Wall anchors are a MUST when it's not possible to hit a stud when hanging items on walls. Nails and screws can easily slip out or cause the wall to break apart if an anchor isn't used, and picking the right type and installing them correctly are crucial.
In this beginner's guide, we will take you through the basics of choosing and installing wall anchors.
Make sure you gather all the necessary tools for your project.
Step 1: Determine the type of wall you're working with
The type of wall you're working with will determine the type of wall anchor you need. There are three main types of wall substrates: plaster wall, drywall and masonry.
Plaster wall is made by nailing strips of wood (also known as laths) over wall studs. Then, the laths are covered with layers of plaster to create a smooth surface.
Drywall is also known as plasterboard and consists of two paperboards that sandwich gypsum, a powdery white or gray sulfate mineral.
Lastly, masonry walls are made of concrete, brick, or stone. Masonry is a term in the construction field wherein mortar is used to bind individual units of bricks, stones, marbles, concrete, etc.
If you're not sure what type of wall you have, knock on the wall. If it sounds hollow, it's likely a drywall wall. If it sounds solid, it's likely a plaster or masonry wall.
Related Article: 5 Ways to Know If You Have a Plaster Wall or Drywall
Step 2: Choose the right anchor
Once you know what type of wall you're working with, you can proceed to choosing the wall anchor most suitable for it.
Wall anchors come in a variety of sizes and types, including plastic, metal, and toggle anchors.Plastic drywall anchors are suitable for hanging lightweight items such as pictures on drywall, while metal and toggle anchors are better for heavier items such as shelves.
What wall anchors are available in Picture Hang Solutions?
Choosing what wall anchor to use will not only depend on wall type, but weight capacity as well. There’s a limit as to how heavy a wall anchor can support. As mentioned above, plastic anchors are best for lightweight items while zinc or metal anchors are ideal for heavier items.
Mostwall anchorshave specified weight ratings such as the Snap Skru Anchor, ZincDrywall Anchor, and the Snap Toggle Anchor. See above for their specific weight capacity.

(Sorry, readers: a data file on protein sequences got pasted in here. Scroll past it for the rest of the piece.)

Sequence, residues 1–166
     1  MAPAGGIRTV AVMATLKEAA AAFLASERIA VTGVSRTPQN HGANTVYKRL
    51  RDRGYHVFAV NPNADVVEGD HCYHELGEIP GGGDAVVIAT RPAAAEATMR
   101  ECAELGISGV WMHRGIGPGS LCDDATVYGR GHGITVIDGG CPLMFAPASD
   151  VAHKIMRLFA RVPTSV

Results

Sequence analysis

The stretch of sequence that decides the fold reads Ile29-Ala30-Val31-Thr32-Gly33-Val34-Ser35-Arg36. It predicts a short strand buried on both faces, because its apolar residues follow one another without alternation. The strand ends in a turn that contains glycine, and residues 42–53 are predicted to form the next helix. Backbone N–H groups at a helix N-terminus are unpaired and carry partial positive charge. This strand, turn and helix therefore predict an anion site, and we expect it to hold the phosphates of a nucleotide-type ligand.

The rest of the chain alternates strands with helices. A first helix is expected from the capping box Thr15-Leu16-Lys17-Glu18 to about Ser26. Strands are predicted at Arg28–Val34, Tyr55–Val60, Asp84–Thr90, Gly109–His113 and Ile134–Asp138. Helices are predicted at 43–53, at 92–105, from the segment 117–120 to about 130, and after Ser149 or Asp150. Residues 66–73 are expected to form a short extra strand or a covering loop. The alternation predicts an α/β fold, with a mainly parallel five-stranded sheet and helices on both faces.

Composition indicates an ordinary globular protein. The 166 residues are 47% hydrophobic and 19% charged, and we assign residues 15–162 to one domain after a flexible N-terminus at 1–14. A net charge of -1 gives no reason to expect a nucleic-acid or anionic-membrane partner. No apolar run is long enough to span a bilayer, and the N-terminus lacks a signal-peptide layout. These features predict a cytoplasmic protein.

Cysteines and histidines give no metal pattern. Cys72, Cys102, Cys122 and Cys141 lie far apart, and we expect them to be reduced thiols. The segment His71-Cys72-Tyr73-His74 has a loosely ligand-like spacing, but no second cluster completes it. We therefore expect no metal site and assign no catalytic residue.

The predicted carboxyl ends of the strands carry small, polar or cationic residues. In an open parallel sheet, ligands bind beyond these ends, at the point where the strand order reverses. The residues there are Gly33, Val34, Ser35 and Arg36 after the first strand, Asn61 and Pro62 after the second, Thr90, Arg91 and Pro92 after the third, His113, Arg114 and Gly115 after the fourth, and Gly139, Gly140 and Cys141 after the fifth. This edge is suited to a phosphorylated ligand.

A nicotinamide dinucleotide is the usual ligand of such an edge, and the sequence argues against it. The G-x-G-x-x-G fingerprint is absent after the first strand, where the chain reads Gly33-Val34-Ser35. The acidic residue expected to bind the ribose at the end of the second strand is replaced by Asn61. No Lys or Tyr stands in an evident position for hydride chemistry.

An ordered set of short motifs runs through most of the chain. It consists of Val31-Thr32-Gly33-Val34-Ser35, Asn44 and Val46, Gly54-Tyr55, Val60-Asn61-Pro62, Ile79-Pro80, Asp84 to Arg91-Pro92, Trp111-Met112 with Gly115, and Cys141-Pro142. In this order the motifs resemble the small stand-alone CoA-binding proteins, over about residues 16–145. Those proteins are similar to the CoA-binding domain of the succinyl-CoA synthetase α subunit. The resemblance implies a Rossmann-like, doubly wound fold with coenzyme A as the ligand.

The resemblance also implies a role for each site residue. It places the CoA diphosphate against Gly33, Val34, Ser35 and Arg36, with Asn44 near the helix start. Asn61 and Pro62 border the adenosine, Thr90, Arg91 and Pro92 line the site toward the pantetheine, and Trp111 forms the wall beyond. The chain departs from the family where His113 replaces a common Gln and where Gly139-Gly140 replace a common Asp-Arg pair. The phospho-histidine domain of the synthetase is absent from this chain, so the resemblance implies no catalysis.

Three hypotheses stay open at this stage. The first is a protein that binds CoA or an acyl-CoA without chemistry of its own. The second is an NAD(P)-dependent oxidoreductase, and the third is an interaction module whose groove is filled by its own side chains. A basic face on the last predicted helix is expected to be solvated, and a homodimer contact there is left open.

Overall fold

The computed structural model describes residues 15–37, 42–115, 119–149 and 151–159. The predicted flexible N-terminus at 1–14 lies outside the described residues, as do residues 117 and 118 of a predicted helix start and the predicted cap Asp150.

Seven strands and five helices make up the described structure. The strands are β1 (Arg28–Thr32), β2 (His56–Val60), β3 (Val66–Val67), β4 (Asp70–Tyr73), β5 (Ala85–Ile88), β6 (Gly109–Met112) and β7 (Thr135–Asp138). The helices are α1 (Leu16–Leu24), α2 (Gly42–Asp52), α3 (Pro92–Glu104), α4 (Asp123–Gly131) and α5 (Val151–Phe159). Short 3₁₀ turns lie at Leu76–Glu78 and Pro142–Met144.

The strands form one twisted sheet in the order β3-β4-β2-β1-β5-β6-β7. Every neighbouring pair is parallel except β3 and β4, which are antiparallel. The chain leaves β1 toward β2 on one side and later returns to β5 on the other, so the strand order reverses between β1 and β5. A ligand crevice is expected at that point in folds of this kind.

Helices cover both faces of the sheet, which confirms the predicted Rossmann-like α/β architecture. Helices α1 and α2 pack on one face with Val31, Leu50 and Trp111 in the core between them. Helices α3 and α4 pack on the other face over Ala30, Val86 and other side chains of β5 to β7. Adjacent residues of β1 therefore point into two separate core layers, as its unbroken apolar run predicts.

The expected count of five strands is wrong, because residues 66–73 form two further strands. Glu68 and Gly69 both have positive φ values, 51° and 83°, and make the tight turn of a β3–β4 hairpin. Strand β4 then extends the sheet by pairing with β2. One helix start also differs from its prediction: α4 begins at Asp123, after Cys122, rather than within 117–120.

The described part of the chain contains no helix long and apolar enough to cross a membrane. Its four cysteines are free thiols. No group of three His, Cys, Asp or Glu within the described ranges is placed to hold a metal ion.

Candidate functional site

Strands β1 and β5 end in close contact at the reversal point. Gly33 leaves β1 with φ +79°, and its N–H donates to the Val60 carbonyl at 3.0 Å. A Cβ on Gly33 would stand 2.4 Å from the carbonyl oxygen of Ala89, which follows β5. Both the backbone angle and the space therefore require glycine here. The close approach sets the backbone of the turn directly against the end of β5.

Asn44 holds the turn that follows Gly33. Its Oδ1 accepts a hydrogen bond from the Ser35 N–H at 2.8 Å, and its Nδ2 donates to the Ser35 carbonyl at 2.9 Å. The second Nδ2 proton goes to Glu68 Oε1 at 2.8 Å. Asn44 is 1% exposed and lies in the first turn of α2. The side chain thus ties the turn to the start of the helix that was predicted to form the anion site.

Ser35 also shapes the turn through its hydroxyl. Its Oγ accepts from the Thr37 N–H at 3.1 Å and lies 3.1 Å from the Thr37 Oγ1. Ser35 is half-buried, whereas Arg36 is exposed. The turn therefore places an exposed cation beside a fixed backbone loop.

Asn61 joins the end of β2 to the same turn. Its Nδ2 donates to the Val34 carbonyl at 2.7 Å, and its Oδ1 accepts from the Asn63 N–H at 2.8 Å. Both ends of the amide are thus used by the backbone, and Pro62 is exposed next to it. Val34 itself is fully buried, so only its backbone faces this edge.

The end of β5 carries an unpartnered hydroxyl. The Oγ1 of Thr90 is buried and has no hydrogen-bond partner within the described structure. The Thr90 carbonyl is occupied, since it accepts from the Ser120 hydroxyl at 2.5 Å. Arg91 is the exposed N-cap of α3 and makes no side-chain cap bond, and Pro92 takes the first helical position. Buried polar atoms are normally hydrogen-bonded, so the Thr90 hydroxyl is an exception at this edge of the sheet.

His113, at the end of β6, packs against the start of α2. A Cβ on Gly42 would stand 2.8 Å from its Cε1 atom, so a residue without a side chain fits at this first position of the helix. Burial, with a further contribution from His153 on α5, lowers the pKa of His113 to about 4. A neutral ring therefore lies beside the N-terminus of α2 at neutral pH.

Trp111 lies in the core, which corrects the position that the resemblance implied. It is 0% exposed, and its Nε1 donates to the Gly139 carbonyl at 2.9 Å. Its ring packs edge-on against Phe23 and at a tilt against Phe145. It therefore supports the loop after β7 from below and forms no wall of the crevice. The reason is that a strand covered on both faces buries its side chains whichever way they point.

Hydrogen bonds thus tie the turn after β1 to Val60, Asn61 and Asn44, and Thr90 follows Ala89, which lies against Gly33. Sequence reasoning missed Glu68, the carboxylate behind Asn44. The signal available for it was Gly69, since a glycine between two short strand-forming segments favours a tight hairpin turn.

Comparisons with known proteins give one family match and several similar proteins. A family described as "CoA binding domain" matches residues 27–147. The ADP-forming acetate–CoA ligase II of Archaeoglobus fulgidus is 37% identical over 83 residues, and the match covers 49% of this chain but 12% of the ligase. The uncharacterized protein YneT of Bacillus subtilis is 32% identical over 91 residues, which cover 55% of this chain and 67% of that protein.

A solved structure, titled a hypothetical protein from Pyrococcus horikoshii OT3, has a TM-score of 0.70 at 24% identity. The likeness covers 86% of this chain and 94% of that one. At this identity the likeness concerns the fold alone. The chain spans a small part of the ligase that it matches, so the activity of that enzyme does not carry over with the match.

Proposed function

However, even though the other wall anchors do not have a specified weight limit, it is still indicated what types of applications they’re best suited for. The white and blue plastic wall anchors are to support lightweight items while the lead anchor is best for medium-duty applications.
Step 3: Drill a hole in the wall
After choosing the wall anchor, you can now start the installation process.
Use a drill to make a pilot hole on the wall. Make sure to use a drill bit that’s slightly smaller than the diameter of the anchor. If you’re working with drywall, be careful not to drill too deeply, as this might lead to wall damage.
⚒️ PRO TIP: Use masking tape to mark the depth or the length of size of the screw you will install.
Step 4: Insert the anchor
Once you've drilled the hole, insert the anchor into the hole. Tap the anchor lightly with a hammer until it is flush with the wall.
If you're using a snap toggle anchor, make sure the wings are folded down before inserting it into the hole. Slide the small plate up to lock the toggle anchor in position. Then, press down on the plate against the wall while pulling back the legs to secure. To break the legs, bend it down to separate the finger grips first. Then, spread it apart until it snaps off.
Check out this video for visual reference:
Step 5: Screw in the item you’re hanging
Now that the anchor is in place, you can screw in the item you want to hang. Make sure to use the right size screw for the anchor, and be careful not to overtighten the screw, as this can damage the anchor.
Step 6: Test the strength of the anchor
Once the item is hung, give it a gentle tug to test the strength of the anchor. If the anchor feels loose, you may need to remove it and try a larger size.
How to Remove Wall Anchors
If you decide you want to remove the anchor, follow the steps below depending on the type of anchor/wall you have:
For standardwall anchors on drywall or plaster wall:
- Insert the screw halfway back to the anchor on the wall.
- For drywall, use pliers to hold the screw and pull it out. The anchor will be pulled out with it.
- For plaster walls, you will need a small piece of wood with a hole slightly bigger than the head of the screw. Slip it through the screw and anchor and hold it down while you pull them out.
For the Snap Toggle Anchor:
- Get a screwdriver with a slotted head.
- On the left side of the Snaptoggle Anchor on the wall, position the head just under anchor as if you’re going to scrap it. Then, hammer down gently.
- Repeat Step 2 on the other sides.
- Insert the screw on the hole and hammer it down as shown in the video.
- Pull out the anchor with the assistance of the screwdriver.
Whilewall anchorsmay appear less intimidating than other products, their application can be tricky, and their value is often overlooked. It's important to note that without hitting a stud, nails or screws alone aren't sufficient – most wall types require the reinforcement that a wall anchor provides to prevent slipping. By utilizing wall anchors, you can ensure that your pictures, art, or decor items remain securely in place, preventing damage to your walls and the objects themselves.
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